One of the things that I regret about my book on the Crater is that I failed to spend sufficient time exploring Union accounts of the battle, both during and, especially, after the war. Given that I wrote the book while living in Virginia I was always primarily interested in Confederate accounts (wartime and postwar) and what they had to say about issues related to slavery and race. Continue reading
A couple of years ago Mike Musick – who as many of you know was for a long time the go-to guy for anything Civil War related at the National Archives – contacted me about a recently discovered photograph of Louis Martin of the 29th U.S.C.T. He kindly arranged to have a copy of the photograph and pension application sent to me, which eventually ended up in my Crater book.
At that point the photograph was still not available online. I remember staring at it for what seemed like hours when it first arrived. You can clearly see why. In many ways this image served as a visual reminder of why I thought it was important to use the battle of the Crater as a case study on race and historical memory in American history.
I did a bit of research into his postwar life, but found very little. I knew the year he died and that he struggled with alcohol, but I was unsure as to where he was buried. There is also a question about Martin’s necklace and whether it has an African origin. Continue reading
In a letter written in 1890, William Mahone recalled spending the night before the surrender of the Army of Northern Virginia at Appomattox Court House with an unusual family.
We marched all next day and went into camp in the evening not far from Appomattox Co. Ho. in the most God forsaken neighborhood or can well conceive. My Headquarters were
in a miserable log hut occupied by a family of deformed people – that made one shudder to behold, and whose deformity and condition forcibly suggested that we were near the end. My waggons rich with supplies for a campaign had been captured. It contained nearly a full house of all that one needs [for] sustenance and comfort and my [ ] had been captured and we had no [ ]. The bed in this miserable cabin on which I remember to have spread my oil cloth and blanket was only about four feet long.
Would love to know more about this particular family.
The other day I blogged briefly about a disagreement over a reference I made to a “real [book] review” as opposed to what I would call reader feedback on Amazon book pages. Sure, there may be some dedicated Amazon reviewers out there, but I tend not to go there for substantive and thoughtful critiques. It just so happens that earlier today my publisher passed along what is clearly the most critical review of my book published to date. Thanks to Jason Phillips, who is the new Eberly Professor of Civil War Studies at West Virginia University, for reading it and reviewing it for the Virginia Magazine of History and Biography. Jason has a reputation for hard hitting reviews. There are aspects of his review that I agree with and a few with which I disagree, but overall I have no complaints. I certainly think that I could have done much more with the white Northern memory of the battle. I have no intention of writing a formal response here since that would be bad form. My goal is simply to highlight what I think is a pretty good example of a “real review.”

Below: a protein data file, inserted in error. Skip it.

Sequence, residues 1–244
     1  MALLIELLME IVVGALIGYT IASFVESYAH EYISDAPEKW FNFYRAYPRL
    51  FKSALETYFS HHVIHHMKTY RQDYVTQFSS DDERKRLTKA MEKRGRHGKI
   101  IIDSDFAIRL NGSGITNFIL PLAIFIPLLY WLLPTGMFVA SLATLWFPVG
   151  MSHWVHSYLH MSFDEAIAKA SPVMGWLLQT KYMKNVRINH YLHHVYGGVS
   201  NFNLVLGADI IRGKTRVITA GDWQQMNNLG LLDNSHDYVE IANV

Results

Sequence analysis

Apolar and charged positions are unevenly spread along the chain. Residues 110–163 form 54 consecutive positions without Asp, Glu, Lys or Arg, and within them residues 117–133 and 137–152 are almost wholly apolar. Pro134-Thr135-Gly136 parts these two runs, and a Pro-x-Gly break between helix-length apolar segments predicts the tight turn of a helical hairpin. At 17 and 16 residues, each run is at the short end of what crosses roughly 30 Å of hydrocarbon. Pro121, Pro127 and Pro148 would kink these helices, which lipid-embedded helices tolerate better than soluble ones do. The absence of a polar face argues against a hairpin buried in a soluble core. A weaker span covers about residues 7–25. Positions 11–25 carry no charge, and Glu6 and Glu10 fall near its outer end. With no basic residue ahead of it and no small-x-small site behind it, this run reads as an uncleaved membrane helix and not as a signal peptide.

Kevin Levin has selected an excellent subject to study Civil War memory. Among other things, the battle of the Crater marked the first time that units in the Army of Northern Virginia fought (and massacred) United States Colored Troops (U.S.C.T.). Levin insightfully explains how the presence of black soldiers signified everything that Confederates fought for and against without excusing the atrocity. His analysis of the career of Gen. William Mahone, the Confederate hero of the Crater, may be Levin’s greatest contribution. As leader of the biracial Readjuster Party after Reconstruction, Mahone threatened white supremacy and the Lost Cause myth. Levin shows how postwar Virginians’ memories of the Crater not only pitted whites against blacks and northerners against southerners but also former Confederates against each other at a time when political divisions fractured the state. Tracing the memory of the battle into the twentieth century, Levin describes the rise of white memory and efforts, since the civil rights movement, to add a black counter- memory to scholarship and site interpretation. Public historians in particular will benefit from this book. Continue reading
Today I read a very thoughtful post by John Rudy at his Interpreting the Civil War blog. He added his voice to the recent chorus of posts on the challenges and importance of properly commemorating the final two years of the Civil War. I agree with much of what he has to say.
But the war after Gettysburg morphs into that long, bloody, messy slog across Virginia or Tennessee and Georgia. It changes from prisoner exchanges into prison camps and the bloodiest ground on the American continent. Politics gets ugly, as Peace Democrats make a true, concerted effort (and nearly succeed) at unseating one of modern America’s most beloved historical figures. Battles become racialized, as men are massacred in battle not simply because of the color of their uniforms, but because of the color of their skin. The war gets ugly.
I’ve expressed optimism from the beginning and continue to hold out hope for the final two years, though I agree with John that it is going to be a challenge. This is, indeed, not your grandfather’s Civil War, but as Brooks Simpson rightfully notes, that does not mean that we should declare victory. I’ve noted multiple times, for example, that we need to reign in our embrace of an emancipationist narrative that is much too reductionist. I see it all the time here in Boston. You would think that everyone was an abolitionist, though the monuments in and around the city tell a slightly different story. Continue reading